A Level Playing Ground

BY ADITYA AGRAWAL The Indy scopes out a new pre-orientation program for freshmen The Harvard Undergraduate Council announced a new ‘Harvard Project’ grant initiative that would award $3000 to a student-led project that proposes a solution to a campus problem. The Indy caught up with Savannah Fritz ‘17 who is one of the three finalists for the grant. Fritz has proposed the creation of the Freshman Enrichment Program, a pre-orientation program geared specifically towards incoming freshmen from under-resourced high schools. Both Yale and Princeton have already established versions of such a program on their respective campuses. The program seeks to …

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Who hosts Anti-Football Parties?

BY ADITYA AGRAWAL The Harvard Independent Profiles the Harvard Humanist Hub. A general wave of enthusiasm and anticipation greeted the Super Bowl this past Sunday; viewing parties across dorms and houses became the highlight of the day. Breaking this sacred circle of tradition, however, was an organization that few people at Harvard even knew existed: the Harvard Humanist Hub. It attracted much attention, as it did praise, censure and debate, with a dual Super Bowl and anti-Super Bowl party at its apartment Sunday evening. Housed at 45 JFK, the Humanist Hub has existed for over 40 years. The organization’s website …

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A Rhodes to Remember

BY ADITYA AGRAWAL Chatting with Rhodes winner and visionary computer scientist Ruth Fong ’15. The Rhodes Trust announced the 2014 Rhodes scholarship winners on Saturday, November 22. Three Harvard students made it to the list – Ben D. Sprung Keyser ’15 (Economics, Kirkland), Ruth Fong ’15 (Computer Science, Mather), and Fritzi Reuter ’14 (Economics, Lowell). The announcement, for me, was fraught with disappointments – chief amongst which were the inability of the quad to produce to a winner and the overshadowing of our own three victories by the filthy Eli’s six. However, as with all good things in life, there …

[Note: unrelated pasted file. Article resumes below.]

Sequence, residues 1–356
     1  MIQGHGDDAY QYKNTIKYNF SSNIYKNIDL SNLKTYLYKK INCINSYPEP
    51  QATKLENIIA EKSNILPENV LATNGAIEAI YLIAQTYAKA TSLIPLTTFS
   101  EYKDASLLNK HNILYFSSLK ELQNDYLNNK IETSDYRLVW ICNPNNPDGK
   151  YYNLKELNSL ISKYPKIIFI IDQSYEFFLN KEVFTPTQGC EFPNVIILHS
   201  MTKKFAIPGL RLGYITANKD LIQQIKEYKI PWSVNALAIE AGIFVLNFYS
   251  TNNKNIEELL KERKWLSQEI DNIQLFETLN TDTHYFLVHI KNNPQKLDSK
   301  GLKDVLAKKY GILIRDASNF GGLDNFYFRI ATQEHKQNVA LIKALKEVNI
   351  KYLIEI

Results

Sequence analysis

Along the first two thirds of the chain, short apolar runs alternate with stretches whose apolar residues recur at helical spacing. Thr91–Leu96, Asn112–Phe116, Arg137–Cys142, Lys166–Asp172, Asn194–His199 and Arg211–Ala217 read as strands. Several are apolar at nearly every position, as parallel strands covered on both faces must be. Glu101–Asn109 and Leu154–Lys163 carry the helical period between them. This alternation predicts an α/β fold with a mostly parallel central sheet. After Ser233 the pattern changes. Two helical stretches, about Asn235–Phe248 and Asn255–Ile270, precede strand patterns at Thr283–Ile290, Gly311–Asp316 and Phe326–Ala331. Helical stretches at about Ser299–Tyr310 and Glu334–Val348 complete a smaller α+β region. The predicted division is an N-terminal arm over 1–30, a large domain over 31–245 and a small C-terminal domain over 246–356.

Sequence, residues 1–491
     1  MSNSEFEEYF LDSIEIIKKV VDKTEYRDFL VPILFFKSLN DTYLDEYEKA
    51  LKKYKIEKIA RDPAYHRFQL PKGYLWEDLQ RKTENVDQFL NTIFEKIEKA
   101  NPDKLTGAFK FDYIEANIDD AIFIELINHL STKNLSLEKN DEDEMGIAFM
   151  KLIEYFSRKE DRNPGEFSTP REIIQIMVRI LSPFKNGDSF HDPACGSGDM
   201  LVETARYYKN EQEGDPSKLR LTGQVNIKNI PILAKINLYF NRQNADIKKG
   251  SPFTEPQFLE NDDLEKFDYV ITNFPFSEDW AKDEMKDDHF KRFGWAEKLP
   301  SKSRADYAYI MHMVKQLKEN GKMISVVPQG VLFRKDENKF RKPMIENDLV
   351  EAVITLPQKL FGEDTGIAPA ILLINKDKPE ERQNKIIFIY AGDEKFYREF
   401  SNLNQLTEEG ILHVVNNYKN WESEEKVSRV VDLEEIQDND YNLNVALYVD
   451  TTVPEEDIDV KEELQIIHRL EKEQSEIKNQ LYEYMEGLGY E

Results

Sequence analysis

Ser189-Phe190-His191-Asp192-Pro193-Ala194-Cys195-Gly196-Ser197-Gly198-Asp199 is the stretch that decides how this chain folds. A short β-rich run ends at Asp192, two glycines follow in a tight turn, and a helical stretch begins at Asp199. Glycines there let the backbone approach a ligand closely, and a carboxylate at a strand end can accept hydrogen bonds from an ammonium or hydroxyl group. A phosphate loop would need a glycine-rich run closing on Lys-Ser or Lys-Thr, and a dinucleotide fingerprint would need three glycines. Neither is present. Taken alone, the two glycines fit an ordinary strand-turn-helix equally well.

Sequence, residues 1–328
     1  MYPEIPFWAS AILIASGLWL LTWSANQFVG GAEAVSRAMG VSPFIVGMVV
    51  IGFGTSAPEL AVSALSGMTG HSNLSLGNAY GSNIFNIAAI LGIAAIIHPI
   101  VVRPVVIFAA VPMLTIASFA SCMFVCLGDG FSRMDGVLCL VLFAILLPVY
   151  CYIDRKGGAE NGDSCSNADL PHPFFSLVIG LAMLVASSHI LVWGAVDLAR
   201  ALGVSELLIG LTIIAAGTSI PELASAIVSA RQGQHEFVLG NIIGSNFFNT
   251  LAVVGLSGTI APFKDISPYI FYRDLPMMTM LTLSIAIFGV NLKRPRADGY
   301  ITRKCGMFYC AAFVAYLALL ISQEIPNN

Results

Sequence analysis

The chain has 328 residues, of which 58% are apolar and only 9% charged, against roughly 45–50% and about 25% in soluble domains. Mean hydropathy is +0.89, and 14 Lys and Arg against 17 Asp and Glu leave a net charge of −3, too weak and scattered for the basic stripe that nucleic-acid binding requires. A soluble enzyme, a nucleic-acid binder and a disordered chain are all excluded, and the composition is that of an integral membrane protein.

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Let’s Learn to Serve

BY ADITYA AGRAWAL The case for making public service a mandated requirement at Harvard. Cornell recently launched a $150 million initiative “Engaged Cornell” that will make it mandatory for undergraduates to take at least one course with a public service component. The announcement made waves on college campuses across America; Harvard wasn’t immune to its implications:while our own administration welcomed the idea of integrating academic coursework with public service, they came out against the idea of making it a compulsory requirement. As a liberal arts college in an increasingly utilitarian world, our administrators realize well the importance of a well-rounded education; …

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Let’s Check Our Privilege

BY ADITYA AGRAWAL Acknowledge the immense indulgence that Harvard affords us already. Having multiple friends run for UC presidency comes with its perks (read: costs). Meals have lately been swamped with discourse concerning the UC’s precise place in the axis of student life. Of particular interest have been the initiatives that the UC can and should take place as a way of sustaining (or building) its relevance within the student community. Rabbits have been pulled out of magic hats; the most creative (and platform-worthy) projects have been strategized in the course of a single meal. But in the course of …

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Pussy Riot Fails to Riot